In that letter Fessenden does indeed tell former colleague Samuel M. Kintner that the Christmas Eve broadcast occurred and it might be considered a “first.”
But a letter of Sept. 8, 1936 that Kintner, now a vice president at Westinghouse, wrote to George H. Clarke offers an interesting clue. Kintner refers to previous correspondence between himself and Clarke. He says that Fessenden's son has been pursuing the idea of compiling a written record of his father's achievements, and had asked Clarke and Kintner to help. Reginald K. Fessenden was gathering information for his mother Helen, who was preparing to write a book; he asked Kintner for recollections of Fessenden's work. Kintner states in this letter that he agrees that Fessenden's achievements are worthy of being remembered, but “at the time the work was done, I must confess I … didn't attach any such importance to it.”
Also noteworthy is that four years before the Fessenden-Kintner letters, at an April 1928 talk given at Harvard, Harry P. Davis of Westinghouse credited Fessenden with having been the first to broadcast, on Christmas Eve 1906. This is the earliest mention of the event that we were able to find.
What is interesting about the speech is that Davis tries to establish a timeline, starting with Fessenden as the first broadcaster and leading up to KDKA as the first station (yet another myth, but a durable one). Henceforth, we will see the linkage of Fessenden's “first” and KDKA's “first” fairly often, thanks in large part to a wire service reporter name Robert Mack.
His account of the Christmas Eve broadcast, followed by the first broadcast of KDKA, began appearing in various newspapers in early November of 1930. But Mack was no ordinary wire reporter. He was in real life Martin Codel, co-founder of Broadcasting magazine in 1931. He seems to have gotten the Fessenden story from Davis, someone he covered frequently. But the fact that Codel continued to repeat the Christmas Eve story may also suggest that Fessenden himself was telling it to reporters, as were his son and wife, all trying to make sure the inventor's accomplishments were not overlooked.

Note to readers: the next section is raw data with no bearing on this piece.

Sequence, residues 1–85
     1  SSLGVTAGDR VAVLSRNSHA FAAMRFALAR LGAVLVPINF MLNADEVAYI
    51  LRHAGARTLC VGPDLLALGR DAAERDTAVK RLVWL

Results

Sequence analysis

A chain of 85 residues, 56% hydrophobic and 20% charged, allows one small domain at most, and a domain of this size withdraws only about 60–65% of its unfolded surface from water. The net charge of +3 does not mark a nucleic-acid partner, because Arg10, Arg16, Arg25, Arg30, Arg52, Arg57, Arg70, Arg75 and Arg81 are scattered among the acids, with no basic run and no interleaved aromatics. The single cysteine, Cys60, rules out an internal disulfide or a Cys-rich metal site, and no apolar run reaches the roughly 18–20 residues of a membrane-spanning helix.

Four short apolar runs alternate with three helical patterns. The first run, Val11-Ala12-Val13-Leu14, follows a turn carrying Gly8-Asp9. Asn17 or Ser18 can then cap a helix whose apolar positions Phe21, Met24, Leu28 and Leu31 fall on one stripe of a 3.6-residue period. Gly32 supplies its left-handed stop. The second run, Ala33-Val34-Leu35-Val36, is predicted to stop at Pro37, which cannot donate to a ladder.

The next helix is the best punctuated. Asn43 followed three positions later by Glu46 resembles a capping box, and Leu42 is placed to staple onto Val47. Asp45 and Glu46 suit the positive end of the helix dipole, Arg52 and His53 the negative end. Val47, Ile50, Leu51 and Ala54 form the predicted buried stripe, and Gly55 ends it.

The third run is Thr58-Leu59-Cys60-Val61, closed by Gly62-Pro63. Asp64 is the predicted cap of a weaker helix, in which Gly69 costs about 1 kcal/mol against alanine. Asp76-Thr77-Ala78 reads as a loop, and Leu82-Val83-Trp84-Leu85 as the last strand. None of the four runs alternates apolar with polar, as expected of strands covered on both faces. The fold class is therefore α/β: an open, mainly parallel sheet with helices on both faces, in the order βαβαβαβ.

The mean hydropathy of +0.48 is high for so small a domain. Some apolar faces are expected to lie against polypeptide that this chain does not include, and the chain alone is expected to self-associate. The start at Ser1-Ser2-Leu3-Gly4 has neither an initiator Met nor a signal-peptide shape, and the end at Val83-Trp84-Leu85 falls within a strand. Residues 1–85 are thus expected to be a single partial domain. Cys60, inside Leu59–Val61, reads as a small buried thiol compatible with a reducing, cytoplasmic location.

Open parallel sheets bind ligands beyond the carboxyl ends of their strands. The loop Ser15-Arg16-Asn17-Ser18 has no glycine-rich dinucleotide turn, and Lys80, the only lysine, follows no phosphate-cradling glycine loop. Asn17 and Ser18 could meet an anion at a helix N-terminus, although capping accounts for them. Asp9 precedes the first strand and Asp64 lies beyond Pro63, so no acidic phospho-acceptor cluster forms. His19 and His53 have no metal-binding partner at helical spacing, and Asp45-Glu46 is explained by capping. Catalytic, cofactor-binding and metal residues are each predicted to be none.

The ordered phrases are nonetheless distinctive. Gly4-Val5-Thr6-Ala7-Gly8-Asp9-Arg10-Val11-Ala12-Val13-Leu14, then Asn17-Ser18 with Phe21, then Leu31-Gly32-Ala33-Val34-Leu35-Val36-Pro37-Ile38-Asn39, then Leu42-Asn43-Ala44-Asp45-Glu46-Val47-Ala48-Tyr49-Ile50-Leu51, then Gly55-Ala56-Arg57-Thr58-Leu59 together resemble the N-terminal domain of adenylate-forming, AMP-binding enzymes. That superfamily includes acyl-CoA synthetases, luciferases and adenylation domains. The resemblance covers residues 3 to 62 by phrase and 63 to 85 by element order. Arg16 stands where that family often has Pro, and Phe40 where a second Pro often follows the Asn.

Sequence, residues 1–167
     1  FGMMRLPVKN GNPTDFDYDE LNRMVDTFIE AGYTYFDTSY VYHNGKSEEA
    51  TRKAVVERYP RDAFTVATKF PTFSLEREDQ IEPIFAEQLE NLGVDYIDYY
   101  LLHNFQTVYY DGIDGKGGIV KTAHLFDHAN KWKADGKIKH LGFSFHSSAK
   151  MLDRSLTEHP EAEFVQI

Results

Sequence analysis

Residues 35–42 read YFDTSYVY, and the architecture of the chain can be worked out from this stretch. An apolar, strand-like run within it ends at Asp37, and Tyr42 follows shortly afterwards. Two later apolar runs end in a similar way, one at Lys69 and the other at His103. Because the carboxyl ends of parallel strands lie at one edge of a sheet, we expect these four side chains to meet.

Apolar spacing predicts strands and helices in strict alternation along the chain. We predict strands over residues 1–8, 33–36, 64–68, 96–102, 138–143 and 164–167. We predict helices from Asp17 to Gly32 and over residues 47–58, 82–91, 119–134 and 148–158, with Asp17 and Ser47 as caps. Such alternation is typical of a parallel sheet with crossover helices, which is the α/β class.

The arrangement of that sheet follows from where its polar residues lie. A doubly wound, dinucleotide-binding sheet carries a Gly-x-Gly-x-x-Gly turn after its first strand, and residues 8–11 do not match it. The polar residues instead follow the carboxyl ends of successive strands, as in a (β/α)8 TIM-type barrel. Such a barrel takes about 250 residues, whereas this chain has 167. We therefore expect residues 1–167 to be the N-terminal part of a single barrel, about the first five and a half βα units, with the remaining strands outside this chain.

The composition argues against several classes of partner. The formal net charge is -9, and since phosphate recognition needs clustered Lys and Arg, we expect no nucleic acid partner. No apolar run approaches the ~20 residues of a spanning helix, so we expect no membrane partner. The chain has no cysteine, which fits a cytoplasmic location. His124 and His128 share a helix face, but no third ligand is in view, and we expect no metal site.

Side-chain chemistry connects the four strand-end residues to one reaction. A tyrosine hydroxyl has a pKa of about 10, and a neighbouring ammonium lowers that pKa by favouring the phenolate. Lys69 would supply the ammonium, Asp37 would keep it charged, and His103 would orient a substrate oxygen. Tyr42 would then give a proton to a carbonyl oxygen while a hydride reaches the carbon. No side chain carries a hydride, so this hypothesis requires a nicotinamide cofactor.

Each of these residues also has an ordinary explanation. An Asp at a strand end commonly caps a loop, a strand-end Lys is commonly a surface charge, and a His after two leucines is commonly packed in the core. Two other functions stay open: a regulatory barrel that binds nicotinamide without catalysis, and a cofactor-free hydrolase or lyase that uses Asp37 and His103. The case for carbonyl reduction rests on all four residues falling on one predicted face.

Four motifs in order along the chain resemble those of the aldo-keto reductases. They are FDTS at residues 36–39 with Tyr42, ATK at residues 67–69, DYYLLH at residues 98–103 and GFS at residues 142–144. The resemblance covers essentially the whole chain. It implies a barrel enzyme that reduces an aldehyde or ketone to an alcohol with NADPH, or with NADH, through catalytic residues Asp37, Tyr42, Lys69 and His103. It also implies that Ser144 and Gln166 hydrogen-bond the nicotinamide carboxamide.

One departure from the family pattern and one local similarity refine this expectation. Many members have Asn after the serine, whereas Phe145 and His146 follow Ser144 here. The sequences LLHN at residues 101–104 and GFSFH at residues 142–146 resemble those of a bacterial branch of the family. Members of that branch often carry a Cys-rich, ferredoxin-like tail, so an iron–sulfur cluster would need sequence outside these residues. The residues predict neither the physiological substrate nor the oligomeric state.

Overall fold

Proving a negative
There are other fascinating bits of research that we found, such as information Chris derived from Fessenden's personal calendar books from 1906 and 1907, neither of which mentions a broadcast on Christmas Eve.
But rather than belabor the point, let us repeat that we mainly disagree with O'Neal's conclusion. For one thing, it's impossible to prove a negative, especially a century later. So we don't know if the broadcast happened. Just because nobody in the media thought it worthy of coverage doesn't necessarily mean it didn't occur.
It wasn't until the mid-1920s that Fessenden's loyal wife and son took on the task of being his publicists, a task made more difficult by the fact that even some who knew and respected him didn't recall everything he had done in the early 1900s.
Eventually, Reginald Jr. and Helen won over a popular writer of mass-appeal history books, Alvin F. Harlow, who wrote about the Christmas Eve broadcast in “Old Wires and New Waves” in 1936. With that, the story began appearing much more often, given further momentum when Helen's biography came along four years later.
We do agree with James O'Neal that Reginald Aubrey Fessenden was a great inventor who pioneered broadcasting. But we can't agree that the Christmas Eve broadcast did not occur. Our reading of the facts suggests that whether it did or not, it's a moot point, since he had already accomplished this feat long before Christmas Eve 1906.